'Threatening' email from Cold Xpress boss ends in payout


Cold Xpress boss loses cool over workplace error, prompting angry email which leads to compensation for aggrieved worker

'Threatening' email from Cold Xpress boss ends in payout
‘Threatening’ email from Cold Xpress boss ends in payout
By Brad Gardner | May 2, 2012

A "threatening" email from Cold Xpress to its workforce sparked a walkout from one of its employees and ended up saddling the company with a compensation bill.

Cold Xpress Director John Di Losa lost his cool on October 7 after believing a data input error was responsible for the company needing to send an extra vehicle at its own expense to country NSW to collect two boxes for a client.

The refrigerated freight operator had invested in a new program to import data directly from customers into its own system to improve accuracy and efficiency, but data entry operator Marion Griffin insisted on manually entering figures.

Di Losa previously told Griffin to import data directly and he believed she was responsible for the error when he fired off the all-staff email.

"Let me put it plainly to all concerned. I did not spend over $200,000 on a new transport system because I had nothing better to do with my money!" Di Losa noted in the October 7 missive.

"If one more keying in error occurs when we could have imported without incident I will expect the person who made that mistake to pay for all associated costs in fixing up the error."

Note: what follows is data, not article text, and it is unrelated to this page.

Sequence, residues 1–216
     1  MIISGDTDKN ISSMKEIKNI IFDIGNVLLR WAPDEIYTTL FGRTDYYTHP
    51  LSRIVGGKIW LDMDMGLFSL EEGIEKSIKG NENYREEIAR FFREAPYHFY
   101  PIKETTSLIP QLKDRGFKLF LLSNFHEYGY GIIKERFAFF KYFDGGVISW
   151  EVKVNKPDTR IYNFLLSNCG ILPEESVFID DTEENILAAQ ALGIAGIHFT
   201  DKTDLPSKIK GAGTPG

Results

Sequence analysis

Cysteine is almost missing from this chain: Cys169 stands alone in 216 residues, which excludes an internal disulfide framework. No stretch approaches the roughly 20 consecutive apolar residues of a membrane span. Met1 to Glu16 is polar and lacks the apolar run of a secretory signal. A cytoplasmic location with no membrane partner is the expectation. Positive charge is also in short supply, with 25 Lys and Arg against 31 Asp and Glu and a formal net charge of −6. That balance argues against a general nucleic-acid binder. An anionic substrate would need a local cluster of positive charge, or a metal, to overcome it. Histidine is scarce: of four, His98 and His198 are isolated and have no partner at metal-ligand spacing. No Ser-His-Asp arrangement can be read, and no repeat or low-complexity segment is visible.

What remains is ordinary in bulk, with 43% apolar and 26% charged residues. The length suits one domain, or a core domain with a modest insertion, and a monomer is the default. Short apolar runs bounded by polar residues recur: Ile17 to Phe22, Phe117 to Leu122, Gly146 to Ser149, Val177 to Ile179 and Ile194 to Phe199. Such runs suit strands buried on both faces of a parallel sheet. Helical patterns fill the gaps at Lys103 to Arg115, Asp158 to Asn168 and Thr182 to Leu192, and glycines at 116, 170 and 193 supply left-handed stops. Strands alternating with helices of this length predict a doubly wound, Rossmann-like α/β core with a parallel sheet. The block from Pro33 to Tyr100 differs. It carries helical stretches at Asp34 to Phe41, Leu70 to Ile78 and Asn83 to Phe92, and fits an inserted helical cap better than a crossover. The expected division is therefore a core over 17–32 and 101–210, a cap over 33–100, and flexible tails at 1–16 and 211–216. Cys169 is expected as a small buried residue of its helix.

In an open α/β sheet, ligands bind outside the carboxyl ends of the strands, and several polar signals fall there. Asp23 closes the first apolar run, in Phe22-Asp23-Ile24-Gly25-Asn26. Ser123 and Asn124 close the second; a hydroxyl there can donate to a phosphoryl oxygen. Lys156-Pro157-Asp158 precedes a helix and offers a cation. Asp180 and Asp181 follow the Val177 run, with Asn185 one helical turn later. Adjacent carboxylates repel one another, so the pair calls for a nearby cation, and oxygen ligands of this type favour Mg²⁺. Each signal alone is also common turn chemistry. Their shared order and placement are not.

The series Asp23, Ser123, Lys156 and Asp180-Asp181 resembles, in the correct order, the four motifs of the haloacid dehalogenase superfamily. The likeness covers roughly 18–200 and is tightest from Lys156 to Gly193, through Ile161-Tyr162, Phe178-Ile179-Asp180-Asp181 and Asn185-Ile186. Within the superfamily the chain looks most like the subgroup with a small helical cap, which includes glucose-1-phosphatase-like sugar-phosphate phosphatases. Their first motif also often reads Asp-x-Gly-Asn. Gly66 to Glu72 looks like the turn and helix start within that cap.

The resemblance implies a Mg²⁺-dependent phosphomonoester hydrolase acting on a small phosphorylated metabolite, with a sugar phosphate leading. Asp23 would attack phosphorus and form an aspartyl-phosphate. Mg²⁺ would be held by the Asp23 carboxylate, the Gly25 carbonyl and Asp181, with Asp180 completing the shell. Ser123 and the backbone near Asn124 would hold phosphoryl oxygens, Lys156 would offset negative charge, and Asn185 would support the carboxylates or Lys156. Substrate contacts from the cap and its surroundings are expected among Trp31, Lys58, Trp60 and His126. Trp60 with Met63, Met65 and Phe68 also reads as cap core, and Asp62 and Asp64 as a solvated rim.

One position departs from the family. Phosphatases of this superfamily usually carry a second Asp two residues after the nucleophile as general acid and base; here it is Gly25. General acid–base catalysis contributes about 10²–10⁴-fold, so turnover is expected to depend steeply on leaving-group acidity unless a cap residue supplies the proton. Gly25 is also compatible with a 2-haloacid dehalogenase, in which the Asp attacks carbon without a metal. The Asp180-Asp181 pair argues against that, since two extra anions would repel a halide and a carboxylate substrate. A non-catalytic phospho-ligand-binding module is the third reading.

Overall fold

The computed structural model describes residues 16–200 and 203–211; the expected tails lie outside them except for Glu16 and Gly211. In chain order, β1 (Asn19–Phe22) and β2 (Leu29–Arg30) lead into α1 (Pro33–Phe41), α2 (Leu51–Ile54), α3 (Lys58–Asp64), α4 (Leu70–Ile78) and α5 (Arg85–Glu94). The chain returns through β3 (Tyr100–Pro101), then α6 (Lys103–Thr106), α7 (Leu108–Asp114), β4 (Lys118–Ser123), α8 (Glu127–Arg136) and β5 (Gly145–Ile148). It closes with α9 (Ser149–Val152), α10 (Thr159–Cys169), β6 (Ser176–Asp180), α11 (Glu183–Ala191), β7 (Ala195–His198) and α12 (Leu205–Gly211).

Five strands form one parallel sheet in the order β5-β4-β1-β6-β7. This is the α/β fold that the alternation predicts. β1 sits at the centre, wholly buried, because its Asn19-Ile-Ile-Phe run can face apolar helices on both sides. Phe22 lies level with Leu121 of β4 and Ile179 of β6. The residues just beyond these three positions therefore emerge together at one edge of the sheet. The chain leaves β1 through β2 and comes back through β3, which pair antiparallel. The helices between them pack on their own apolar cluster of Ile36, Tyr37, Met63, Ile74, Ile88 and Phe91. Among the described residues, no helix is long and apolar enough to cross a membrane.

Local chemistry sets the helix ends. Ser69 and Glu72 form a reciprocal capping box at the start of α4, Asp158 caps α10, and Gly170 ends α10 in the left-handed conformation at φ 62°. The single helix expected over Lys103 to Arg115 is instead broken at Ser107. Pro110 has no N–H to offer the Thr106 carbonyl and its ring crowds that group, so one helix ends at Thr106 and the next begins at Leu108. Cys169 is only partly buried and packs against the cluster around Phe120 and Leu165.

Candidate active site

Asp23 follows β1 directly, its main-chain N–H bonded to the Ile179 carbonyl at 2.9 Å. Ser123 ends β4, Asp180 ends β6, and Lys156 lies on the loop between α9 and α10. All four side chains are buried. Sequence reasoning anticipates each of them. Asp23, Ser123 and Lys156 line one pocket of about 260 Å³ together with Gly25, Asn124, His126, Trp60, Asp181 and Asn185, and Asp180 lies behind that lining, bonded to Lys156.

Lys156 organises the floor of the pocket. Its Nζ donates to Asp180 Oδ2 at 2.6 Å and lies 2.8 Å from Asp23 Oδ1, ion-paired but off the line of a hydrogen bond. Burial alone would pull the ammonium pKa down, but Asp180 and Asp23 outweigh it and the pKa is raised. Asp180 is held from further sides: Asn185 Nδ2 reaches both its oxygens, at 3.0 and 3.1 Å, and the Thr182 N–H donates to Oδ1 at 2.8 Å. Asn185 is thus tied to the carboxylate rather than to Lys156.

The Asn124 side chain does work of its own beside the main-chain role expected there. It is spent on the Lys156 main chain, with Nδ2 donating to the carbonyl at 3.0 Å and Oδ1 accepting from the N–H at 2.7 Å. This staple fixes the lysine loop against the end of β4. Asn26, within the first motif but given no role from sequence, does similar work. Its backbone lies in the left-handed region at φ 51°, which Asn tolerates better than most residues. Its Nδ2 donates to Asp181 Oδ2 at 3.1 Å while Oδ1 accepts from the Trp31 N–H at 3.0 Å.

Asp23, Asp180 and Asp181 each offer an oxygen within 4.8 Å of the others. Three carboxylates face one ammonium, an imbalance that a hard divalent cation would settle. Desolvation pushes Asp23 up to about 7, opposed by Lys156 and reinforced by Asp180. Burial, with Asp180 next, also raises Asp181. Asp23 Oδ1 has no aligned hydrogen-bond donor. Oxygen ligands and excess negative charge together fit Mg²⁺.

Di Losa was later informed the error was due to a warehousing issue. While he did not name Griffin in his email, she became distressed upon reading it and told a colleague she was going home.

The walkout left the family-run Cold Xpress in the lurch because it had no other data entry operator on site. Di Losa believed Griffin had resigned, so when she turned up for work after the weekend on October 10 she found out she had no job.

Griffin turned to Fair Work Australia and launched an unfair dismissal claim, which the industrial umpire upheld. Commissioner John Ryan ruled that Griffin did not intend to nor did she resign from her position.

He says the company gave her the impression she was sacked when Di Losa’s wife told Griffin on October 10: "What you did got John upset and he doesn’t want you here anymore."

Ryan ruled that unapproved leave from the workplace was not a "sound, defensible or well founded" reason for Cold Xpress to sack Griffin.

He labelled the language in Di Losa’s email "intemperate in threatening to make staff who made keystroke errors pay for the costs suffered" by the company.

Ryan ruled it inappropriate to reinstate Griffin, saying she was unlikely to have remained there in the long-term and that her position would have become redundant in the near future. Instead, he ordered Cold Xpress to pay her $3300 within 21 days from May 1.

In his email to staff, Di Losa said sending a truck to Hay to collect the two boxes would cost the company about $800 to fix. He claimed two errors a night on a country run could sting the company by as much as $5000.

"We have a system in place, which we all need to use," the email says.

The Victorian-based Cold Xpress says it delivery schedule includes Hay, Wagga Wagga, Mt Gambier, Mildura and Griffith.

It boasts a fleet of more than 60 trucks and counts Primo Smallgoods, Baiada Steggles, Hans Smallgoods and G&K Fine Foods among its major clients.

The company’s website says ColdXpress is planning to fully upgrade its computer system by 2013.




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